Paris (AFP) – Mainak Chaudhuri talks excitedly about the potential of technology as young women strap their vests and headsets and immerse themselves in the virtual world.
“This is the first step towards the Metaverse,” French startup Actronika Chaudhuri told AFP at the VivaTech trade show in Paris this week.
The vest can give the user the feeling of being blown by the wind, or make the back feel the breath of a monster, and can be used to enhance movie watching, education, or games.
This is a family-friendly vision of the 3D immersive Internet, now widely known as the Metaverse, which blends well with the interactive experiences already widely available to children, such as virtual trips to museums.
However, activists and experts are increasingly warning that wider ecosystems need to begin working on child safety to ensure that the vision of benign is realized.
“The biggest challenge is exposing children to content that isn’t targeted at them,” said Kavya Pearlman, an NGOXR safety initiative campaign that ensures that immersive technology is safe for everyone.
The problem she envisions is that young people are being used as content creators and have improper contact with adults because their children are exposed to sexual and violent material. It extends to the concern of.
The Metaverse has not yet been widely adopted and the technology is still under development, but early users have already revealed serious problems.
A woman’s allegation that her avatar was sexually assaulted in the Metaverse caused global anger.
Concerns about the future of the technology grew as economic opportunities became apparent.
According to research firm McKinsey, Metaverse-linked investment exceeded $ 50 billion last year and is expected to more than double this year.
“We’re talking about a huge amount of money, which is three times the investment in artificial intelligence in 2017,” McKinsey partner Eric Hazan told AFP.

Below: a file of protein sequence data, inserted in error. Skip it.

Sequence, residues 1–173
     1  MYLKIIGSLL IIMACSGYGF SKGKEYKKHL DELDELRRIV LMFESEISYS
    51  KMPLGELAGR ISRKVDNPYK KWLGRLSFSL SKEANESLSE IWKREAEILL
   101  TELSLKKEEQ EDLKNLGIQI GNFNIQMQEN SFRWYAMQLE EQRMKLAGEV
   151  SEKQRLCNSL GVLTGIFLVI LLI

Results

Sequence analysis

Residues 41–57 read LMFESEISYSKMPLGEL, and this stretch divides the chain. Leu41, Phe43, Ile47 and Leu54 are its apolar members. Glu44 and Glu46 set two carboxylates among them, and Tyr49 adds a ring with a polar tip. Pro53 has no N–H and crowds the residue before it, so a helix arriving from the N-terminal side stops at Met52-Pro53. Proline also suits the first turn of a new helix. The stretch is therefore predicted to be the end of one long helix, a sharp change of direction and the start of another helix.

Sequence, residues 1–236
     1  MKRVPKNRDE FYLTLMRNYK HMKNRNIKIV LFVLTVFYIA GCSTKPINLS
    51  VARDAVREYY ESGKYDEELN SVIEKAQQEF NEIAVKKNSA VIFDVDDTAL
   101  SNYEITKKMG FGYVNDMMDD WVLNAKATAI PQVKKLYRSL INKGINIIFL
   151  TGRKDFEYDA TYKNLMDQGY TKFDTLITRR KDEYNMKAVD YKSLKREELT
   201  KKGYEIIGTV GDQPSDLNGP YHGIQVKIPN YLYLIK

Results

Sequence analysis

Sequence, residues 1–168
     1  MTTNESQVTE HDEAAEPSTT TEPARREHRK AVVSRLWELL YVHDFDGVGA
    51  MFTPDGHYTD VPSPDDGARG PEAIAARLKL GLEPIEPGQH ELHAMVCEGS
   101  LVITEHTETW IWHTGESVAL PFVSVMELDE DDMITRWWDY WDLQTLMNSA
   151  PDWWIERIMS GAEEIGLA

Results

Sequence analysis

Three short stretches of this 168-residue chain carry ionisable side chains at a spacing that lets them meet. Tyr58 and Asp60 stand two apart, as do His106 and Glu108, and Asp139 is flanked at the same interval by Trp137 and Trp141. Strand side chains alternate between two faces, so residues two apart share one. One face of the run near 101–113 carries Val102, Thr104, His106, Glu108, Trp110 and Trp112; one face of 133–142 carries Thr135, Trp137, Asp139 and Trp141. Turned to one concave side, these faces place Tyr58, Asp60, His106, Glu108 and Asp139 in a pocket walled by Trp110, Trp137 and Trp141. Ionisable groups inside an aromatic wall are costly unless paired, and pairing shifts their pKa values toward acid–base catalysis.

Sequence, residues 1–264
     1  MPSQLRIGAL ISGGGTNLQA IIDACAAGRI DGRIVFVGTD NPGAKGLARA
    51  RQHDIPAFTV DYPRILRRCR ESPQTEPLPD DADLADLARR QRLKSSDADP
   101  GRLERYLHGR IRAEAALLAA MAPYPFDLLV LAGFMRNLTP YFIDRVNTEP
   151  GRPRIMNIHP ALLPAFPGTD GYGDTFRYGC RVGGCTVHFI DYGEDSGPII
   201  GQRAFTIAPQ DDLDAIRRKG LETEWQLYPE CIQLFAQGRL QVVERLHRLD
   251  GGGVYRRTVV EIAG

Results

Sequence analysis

Most important of the investors are tech giant Meta, which owns Instagram, Facebook, WhatsApp and more.
The company is already deploying measures to give parents more control over the content that their children interact with when using a VR headset.
Although Meta and many of its competitors sell immersive products with an age limit of less than 13, it is widely accepted that younger children use this technology.
Pearlman raises widespread concern that little is known about the potential impact on youth development.
“The organization has not yet validated these experiences from a scientific point of view,” she said.
“Still, they allow children to be exposed to these new techniques and are actually experimenting with their developing brains.”
According to the neuropharmacologist Valentino Megale, who is studying this issue, the Metaverse has changed the paradigm.
So far, the general public is only consuming what others have created, but in the Metaverse, “we will be part of digital content,” he said.
“This makes everything we experience in the world more attractive,” he told the RightsCon Digital Rights Conference last week, adding that this is especially true for children.
Experts are worried that the industry needs to scrutinize before corruption begins.
The solution they claim is to ensure that the builders of these new virtual worlds instill child protection in the spirit of their work.
In other words, each piece of software and hardware must be built with the understanding that children may use it and need protection.
“We can have a huge impact on their behavior, identity, emotions and psychology at the very moment they are forming their personality,” Megale said.
“From the beginning, we need to provide an ethical foundation and safety in design.”
One of the most controversial areas of product design is suits that allow users to feel all sorts of sensations and even pain.
Such suits are already manufactured and simulate the pain of electric shock.
These products are intended for military or other professional training.
According to Chaudhuri, the product developed by his company, Actronika, uses vibration rather than electric shock and is completely safe for anyone to use.
“We aim to attract an audience, and we don’t necessarily have to do real-time firefighting or battlefield scenarios,” he said.
“We do not cause pain.”
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